We all come to that point in our lives when we want to maintain better control of our cholesterol, this since it’s an important essential of remaining healthy. High cholesterol has become an epidemic in this nation which is brought on by poor eating habits, combined with stress and anxiety.
What happens is that fatty deposits accumulates and then clings on to the arteries and blood vessels inside the body. It then restricts the proper flow and movement of the blood, resulting in high blood pressure.
If this is not treated properly, it can then lead towards coronary heart disease, a precursor to more serious heart issues. The onset of high cholesterol is caused by a variety of factors, most we can’t control, such as older age, gender, and genetics, which increases the risk.
What we can control is our weight and fitness levels, our diet, and our stress levels, which also plays significant roles. These are the actions that we can take by altering our lifestyles.
The Two Types Of Cholesterol
It’s generally known that there’s two types of cholesterol. High density lipoprotein, or HDL, which is known as the good cholesterol. This type is extremely beneficial to have and at high levels, as what HDL does is it transports fat through the blood, while also preventing the deposit of fat on our arteries.
The “bad” cholesterol, which is known as low density lipoprotein, or LDL, is what you need to lower. The total recommended cholesterol levels should ideally be around 100-200 mg/dL for most healthy adults.
Your diet, what you eat plays an extremely important role when it comes to these cholesterol levels, and the type you have. The food you eat can either raise or lower your numbers. What’s obviously recommended is eating as many LDL cholesterol lowering foods as possible.
List Of Cholesterol Lowering Foods
Eating the entire bean family and legumes is a LDL cholesterol reducing friendly treat. What beans are packed with are full of soluble fiber, which has been proven to correlate with lowering bad cholesterol levels.
Studies have shown that when consuming beans, the proteins which they contain are extremely beneficial, so make sure that you eat up to 2 cups of beans several times a week, this to reduce your levels by up 15% percent. This then effectively lowers your risk of heart disease.
Say Yes To More Walnuts
To some it may be a bit counter intuitive as walnuts contain fat, but consuming certain fats can actually lower cholesterol levels, provided that their monounsaturated fats.
They’re also high in the much needed omega-3 fatty acids, which effectively lowers the levels of triglycerides. What then occurs is they’ll lower the bad fat levels in the blood stream, which prevents plaque buildup in the arteries.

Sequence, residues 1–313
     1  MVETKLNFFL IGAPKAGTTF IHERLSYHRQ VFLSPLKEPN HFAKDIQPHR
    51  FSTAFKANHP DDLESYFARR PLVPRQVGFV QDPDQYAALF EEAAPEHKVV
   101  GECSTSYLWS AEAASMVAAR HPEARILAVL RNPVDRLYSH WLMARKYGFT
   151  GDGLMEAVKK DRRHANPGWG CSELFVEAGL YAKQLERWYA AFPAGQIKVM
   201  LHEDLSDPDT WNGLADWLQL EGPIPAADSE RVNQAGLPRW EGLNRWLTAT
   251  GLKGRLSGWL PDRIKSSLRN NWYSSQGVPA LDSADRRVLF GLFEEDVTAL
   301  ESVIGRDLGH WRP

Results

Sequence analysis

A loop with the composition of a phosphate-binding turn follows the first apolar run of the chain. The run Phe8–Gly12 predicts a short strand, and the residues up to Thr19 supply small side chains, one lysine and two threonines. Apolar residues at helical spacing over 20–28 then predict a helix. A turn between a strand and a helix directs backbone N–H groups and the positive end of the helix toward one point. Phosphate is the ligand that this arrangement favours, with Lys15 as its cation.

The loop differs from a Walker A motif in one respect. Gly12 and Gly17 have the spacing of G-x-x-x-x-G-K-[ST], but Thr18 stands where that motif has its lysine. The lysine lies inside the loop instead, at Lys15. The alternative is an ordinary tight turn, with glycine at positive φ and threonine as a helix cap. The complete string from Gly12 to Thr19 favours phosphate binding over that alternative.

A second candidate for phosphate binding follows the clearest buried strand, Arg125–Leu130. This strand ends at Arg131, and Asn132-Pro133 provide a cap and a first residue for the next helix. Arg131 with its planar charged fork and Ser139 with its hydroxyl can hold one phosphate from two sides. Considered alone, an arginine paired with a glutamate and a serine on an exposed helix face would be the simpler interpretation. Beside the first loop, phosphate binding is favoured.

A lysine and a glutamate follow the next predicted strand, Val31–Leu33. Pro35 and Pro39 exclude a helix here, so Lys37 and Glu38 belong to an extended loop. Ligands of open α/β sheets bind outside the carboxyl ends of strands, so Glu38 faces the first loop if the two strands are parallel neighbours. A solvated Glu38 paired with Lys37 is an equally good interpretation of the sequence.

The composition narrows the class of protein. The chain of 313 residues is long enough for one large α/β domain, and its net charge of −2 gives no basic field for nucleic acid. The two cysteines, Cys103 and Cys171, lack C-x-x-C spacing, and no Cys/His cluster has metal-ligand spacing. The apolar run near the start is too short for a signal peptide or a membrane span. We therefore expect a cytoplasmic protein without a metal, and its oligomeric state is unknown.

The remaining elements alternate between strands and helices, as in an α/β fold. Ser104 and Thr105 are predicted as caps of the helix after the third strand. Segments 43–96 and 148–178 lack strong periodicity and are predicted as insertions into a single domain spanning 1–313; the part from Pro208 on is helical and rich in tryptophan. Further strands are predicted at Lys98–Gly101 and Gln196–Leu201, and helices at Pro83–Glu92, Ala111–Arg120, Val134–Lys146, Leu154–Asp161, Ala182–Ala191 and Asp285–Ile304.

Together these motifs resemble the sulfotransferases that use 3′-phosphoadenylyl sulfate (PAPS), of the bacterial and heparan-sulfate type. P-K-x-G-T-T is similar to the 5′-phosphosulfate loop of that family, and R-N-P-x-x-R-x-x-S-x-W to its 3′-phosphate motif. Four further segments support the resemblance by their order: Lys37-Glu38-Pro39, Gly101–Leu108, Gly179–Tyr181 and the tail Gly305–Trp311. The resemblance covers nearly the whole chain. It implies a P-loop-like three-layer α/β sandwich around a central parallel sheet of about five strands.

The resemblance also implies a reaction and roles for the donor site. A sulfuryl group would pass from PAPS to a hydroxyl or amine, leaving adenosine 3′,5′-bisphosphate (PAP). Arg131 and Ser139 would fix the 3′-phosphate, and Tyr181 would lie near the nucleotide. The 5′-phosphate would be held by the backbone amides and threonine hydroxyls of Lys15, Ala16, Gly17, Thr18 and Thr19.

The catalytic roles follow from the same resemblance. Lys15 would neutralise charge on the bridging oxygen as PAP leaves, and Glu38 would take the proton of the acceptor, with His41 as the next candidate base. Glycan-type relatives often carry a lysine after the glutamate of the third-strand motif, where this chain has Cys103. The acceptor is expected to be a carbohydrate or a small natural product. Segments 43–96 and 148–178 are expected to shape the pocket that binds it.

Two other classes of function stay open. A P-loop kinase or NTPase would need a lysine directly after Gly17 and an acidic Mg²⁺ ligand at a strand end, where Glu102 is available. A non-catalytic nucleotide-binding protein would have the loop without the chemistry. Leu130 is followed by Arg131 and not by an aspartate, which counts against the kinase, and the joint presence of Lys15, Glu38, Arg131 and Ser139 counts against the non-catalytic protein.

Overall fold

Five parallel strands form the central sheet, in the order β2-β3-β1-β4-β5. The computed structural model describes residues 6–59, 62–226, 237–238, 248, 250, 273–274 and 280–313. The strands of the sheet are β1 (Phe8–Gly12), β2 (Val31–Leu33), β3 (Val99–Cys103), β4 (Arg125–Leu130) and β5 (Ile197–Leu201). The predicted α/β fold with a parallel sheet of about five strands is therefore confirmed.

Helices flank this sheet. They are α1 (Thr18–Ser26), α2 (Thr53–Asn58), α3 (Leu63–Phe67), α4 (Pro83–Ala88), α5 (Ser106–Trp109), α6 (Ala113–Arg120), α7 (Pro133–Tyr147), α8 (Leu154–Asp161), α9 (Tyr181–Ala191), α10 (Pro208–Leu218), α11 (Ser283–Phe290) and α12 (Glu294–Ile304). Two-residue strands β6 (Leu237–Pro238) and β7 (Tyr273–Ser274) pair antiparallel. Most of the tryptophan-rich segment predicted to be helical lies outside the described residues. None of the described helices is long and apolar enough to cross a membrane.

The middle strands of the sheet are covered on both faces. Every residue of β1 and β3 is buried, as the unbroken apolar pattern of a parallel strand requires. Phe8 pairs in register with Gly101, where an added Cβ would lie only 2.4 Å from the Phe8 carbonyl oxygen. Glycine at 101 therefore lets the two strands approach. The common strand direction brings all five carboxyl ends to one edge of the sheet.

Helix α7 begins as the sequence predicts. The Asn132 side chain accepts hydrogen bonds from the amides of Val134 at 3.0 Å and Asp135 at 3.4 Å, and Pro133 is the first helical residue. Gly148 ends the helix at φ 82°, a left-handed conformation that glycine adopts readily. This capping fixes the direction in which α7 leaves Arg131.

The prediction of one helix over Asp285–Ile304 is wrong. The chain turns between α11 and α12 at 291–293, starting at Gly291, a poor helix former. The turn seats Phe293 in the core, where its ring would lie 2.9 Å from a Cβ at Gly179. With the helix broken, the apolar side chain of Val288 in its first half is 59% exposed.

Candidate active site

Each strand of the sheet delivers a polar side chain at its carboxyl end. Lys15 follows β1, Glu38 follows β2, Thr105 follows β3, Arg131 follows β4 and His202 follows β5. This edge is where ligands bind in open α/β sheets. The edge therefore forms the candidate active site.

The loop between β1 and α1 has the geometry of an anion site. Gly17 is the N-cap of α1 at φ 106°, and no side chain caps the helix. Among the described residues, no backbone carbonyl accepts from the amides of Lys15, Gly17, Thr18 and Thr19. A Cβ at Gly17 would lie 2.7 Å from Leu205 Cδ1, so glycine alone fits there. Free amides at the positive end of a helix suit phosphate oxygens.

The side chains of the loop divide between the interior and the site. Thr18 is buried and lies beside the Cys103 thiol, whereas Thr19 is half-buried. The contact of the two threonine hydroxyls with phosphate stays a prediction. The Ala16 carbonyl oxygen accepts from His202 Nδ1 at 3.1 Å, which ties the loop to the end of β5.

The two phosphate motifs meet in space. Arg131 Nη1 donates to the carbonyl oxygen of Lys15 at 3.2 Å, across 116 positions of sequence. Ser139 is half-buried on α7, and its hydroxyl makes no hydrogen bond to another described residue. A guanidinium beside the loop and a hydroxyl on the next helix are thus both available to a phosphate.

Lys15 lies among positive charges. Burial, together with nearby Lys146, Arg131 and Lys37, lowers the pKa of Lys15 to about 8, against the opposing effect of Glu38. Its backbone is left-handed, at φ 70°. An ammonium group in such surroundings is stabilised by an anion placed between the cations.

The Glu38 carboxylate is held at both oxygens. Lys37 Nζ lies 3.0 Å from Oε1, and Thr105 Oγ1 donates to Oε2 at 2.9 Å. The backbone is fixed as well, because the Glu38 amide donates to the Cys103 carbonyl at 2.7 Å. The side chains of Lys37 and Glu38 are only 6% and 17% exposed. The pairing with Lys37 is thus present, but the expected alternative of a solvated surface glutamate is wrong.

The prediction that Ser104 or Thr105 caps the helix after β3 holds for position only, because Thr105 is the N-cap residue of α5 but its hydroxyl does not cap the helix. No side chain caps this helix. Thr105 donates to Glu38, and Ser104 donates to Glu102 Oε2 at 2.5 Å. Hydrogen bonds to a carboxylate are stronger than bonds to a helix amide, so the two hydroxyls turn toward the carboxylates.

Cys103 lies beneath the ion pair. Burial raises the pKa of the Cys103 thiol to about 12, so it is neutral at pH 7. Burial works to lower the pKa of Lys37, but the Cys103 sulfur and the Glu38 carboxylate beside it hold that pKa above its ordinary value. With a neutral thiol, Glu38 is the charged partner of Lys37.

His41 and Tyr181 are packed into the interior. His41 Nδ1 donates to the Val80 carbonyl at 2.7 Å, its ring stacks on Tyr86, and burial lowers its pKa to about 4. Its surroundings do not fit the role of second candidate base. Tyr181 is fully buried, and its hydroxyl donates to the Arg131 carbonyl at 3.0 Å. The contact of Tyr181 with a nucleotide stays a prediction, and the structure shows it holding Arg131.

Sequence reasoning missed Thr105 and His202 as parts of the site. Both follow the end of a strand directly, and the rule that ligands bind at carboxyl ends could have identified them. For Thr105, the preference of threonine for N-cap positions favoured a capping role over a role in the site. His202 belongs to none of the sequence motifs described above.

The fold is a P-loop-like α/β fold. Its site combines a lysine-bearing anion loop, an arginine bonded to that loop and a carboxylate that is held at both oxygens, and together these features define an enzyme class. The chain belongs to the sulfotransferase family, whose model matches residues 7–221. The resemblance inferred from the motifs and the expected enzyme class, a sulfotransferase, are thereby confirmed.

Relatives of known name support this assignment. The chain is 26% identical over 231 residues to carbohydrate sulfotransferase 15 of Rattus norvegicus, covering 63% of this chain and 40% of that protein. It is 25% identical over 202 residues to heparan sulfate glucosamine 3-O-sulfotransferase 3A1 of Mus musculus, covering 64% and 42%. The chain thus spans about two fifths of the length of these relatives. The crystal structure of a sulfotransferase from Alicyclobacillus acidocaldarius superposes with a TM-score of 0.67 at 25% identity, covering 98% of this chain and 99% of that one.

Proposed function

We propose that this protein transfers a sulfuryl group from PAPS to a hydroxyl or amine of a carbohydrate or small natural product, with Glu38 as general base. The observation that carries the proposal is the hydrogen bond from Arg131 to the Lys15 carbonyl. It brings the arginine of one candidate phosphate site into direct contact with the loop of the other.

Studies have shown that eating just a handful of walnuts on a daily basis can lower your LDL cholesterol by up to 10% percent.
Eating Wholesome Eggs
Eggs are always controversial when it comes to high cholesterol. Some studies show that eating pure egg yolks can actually raise the bad levels. However, more advanced studies have shown that fresh egg yolks does indeed lower bad cholesterol, while raising the good cholesterol.
But this is applicable only if you already have a good diet to begin with. Most people don’t realize that raising HDL cholesterol actually lowers the risk of heart disease. It’s proven that eating a whole egg everyday can do wonders for your blood.
The Goodness Of Garlic
Garlic to most is a delicious flavoring and a widely used supplement. Studies support that consuming fresh garlic can lower LDL cholesterol levels, while maintaining HDL cholesterol levels.
These studies have found that the more garlic that you eat, the healthier you become. But keep in mind that while some studies support this, others have found that there’s no correlation.
Garlic is generally considered a delicious addition to any healthy meal, so at the very least, enjoy the flavor that it provides.
Oatmeal Is More Than Okay
Oatmeal for most is a breakfast staple, as it traditionally warms up our stomachs on cold mornings. Not only does it provide ample energy, oatmeal also is an excellent fighter of LDL cholesterol.
The soluble fiber which are found in whole grains are beneficial since they attach to the bad cholesterol in your intestines, flushing it out of your system before it’s absorbed in the blood.
One recent study has found that eating oatmeal along with other natural foods which lowers cholesterol, had the same effect as prescription medication.
An “A” For Asparagus
This particular delicious fresh vegetable is singled out because it pairs well with any protein. Asparagus is not only tasty for most, it also diligently works in lowering your cholesterol.
It’s packed with insoluble fiber, giving it that familiar stringy texture, and what steaming does is it softens these fibers. When you eat asparagus, what the fiber does is it binds the bile acids directly to the cholesterol, which purifies the blood.
What Is Psyllium
Psyllium fiber is a well known additive which is used to enrich foods. It was once used as a mild laxative. The soluble fibers that it contains helps to gel and then rid your body of unhealthy buildup.
Recently, psyllium has been discovered that it also reduces bad cholesterol. It acts in one of two ways, the first by reducing the absorption of cholesterol, and then by removing unwanted cholesterol through your bile.
A recommended amount of psyllium fiber is around 7 to 12 grams on a daily basis. Make sure that you build up your tolerance by supplementing just small amounts at the beginning, and then increase it over time. Too much of it at once can cause intestinal distress.